One of the first things I did was go out and buy two thermometers, one of which I put outside and one inside. After a few weeks it became readily apparent that it would be a pretty boring exercise keeping temperature records, because the inside temperature was so very stable. Over the first few months the indoor air temperature only ever fluctuated by one or two degrees over the course of a day or week averaging 16 degrees, being as it was winter. Our monthly power and water bills leave change from a $20 note.

The final weeks of building were somewhat comedy filled. The sparky seemed to be having a premature mid life crisis of sorts as the gib stoppers had plastered over cables that were supposed to protrude in the kitchen wall. As he hacked open the freshly painted wall, rescued the wires, no sooner had the stopper replastered the wall did he realise there was still one cable missing. So the whole process got repeated and to this day you can still faintly see the scars of these wounds if you look closely.

Then there was the fire door. Our particular front door is fire rated (you wont believe the fire regulations in timber designed unit developments). This means in practical terms that the door is two inch thick solid timber and has a self closer fitted. The self closers seemed like industrial overkill and it meant that every time someone knocks on the door I have to stand there and hold the door open. But the irony was that the door didn't or wouldn't actually close with the self closer—it would get most of the way but then jam on the fancy fire seal all around the door. So here we had a situation where a door that is supposed to be kept closed for safety reasons, leads to the door never actually being fully closed at all.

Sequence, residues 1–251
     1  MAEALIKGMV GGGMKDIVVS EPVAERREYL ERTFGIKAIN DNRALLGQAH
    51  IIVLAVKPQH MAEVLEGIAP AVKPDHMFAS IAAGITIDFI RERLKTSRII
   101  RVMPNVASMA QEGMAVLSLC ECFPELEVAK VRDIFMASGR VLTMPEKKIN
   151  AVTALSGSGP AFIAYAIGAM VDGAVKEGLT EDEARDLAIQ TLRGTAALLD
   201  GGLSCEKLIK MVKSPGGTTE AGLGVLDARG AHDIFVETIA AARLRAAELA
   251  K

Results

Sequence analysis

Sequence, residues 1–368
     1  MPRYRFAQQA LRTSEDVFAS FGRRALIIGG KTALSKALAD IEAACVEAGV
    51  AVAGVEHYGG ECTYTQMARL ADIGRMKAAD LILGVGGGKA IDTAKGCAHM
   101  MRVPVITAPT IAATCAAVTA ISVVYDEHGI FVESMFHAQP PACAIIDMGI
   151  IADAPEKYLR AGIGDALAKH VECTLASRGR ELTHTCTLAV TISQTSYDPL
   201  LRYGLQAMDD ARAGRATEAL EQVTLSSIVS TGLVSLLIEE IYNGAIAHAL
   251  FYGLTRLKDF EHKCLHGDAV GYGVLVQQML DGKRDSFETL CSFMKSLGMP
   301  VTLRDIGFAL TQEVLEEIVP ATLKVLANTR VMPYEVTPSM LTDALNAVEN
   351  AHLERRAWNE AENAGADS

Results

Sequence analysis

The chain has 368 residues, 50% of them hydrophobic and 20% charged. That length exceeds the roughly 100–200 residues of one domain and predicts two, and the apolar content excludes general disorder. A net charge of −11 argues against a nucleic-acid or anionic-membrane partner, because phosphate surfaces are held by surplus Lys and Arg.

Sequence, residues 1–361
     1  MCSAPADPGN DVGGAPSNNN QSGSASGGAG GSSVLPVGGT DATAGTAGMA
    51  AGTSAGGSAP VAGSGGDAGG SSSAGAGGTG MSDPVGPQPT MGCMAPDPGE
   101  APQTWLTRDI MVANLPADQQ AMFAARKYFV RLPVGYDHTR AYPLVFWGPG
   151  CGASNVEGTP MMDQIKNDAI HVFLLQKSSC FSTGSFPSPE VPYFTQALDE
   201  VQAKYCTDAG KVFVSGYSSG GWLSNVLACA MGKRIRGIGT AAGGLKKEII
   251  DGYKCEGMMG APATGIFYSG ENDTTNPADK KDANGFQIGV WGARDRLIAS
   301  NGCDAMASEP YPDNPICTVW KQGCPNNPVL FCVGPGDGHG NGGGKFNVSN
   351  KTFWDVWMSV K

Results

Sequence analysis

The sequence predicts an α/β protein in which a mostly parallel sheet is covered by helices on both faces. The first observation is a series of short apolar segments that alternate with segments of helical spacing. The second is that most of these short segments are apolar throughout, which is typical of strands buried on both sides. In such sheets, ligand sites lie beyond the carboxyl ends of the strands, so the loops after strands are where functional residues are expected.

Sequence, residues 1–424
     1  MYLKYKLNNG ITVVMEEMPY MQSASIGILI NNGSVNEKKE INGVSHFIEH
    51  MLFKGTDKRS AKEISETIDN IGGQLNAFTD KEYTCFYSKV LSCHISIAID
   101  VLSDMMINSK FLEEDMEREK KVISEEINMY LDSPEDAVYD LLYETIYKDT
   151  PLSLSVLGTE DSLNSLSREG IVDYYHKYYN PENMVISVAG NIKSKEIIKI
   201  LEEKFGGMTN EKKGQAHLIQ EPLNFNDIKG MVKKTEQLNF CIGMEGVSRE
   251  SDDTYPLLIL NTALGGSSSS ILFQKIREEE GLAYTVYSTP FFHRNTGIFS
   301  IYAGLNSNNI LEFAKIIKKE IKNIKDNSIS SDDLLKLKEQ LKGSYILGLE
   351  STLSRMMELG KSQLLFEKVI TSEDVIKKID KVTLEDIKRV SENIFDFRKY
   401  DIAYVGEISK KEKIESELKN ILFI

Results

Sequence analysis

Eventually we fixed it, along with the other remedials, but it was a great chuckle all round at a time of high tension. The building industry is not known for its rocket science, but in general the people that have worked here over the course of this house's construction have been good people, who cared about their work and worked harmoniously together in a space that often contained a great many tradespeople at once.

Once the contractors were more or less finally gone, we settled in, and quickly realised that this house has great views of the neighbourhood, being as it is on the second and third levels of an apartment smack in the middle of the neighbourhood. I generally know who’s going out with who and other such important pieces of community intelligence. I have my office in the loft, which is a brightly lit, low-ceilinged pitched roof space that I really like.

The apartment being without a yard per se, meant we were able to settle in quite quickly and put energy into the common vege gardens and workshop etc. I made a large planter box for the deck and we grow some salad things and herbs in it although Im surprised at how much water they need, as it is a real sun trap.

I'm really happy with the acoustics in the building, which is home to three other households, and for the most part we are all blissfully unaware of each others existence. The intertennacy floor comprises a sandwich of marmoleum, cork underlay, 6 inchs of concrete, 4 inchs of greenstuff polyester accoustic insulation and 2 layers of 12 mm gib plaster board, which I am glad to say works! There are some very sound sensible reasons for cluster housing, but sustainable design shouldn't mean we have to live in each others pockets, without benefit of basic privacy.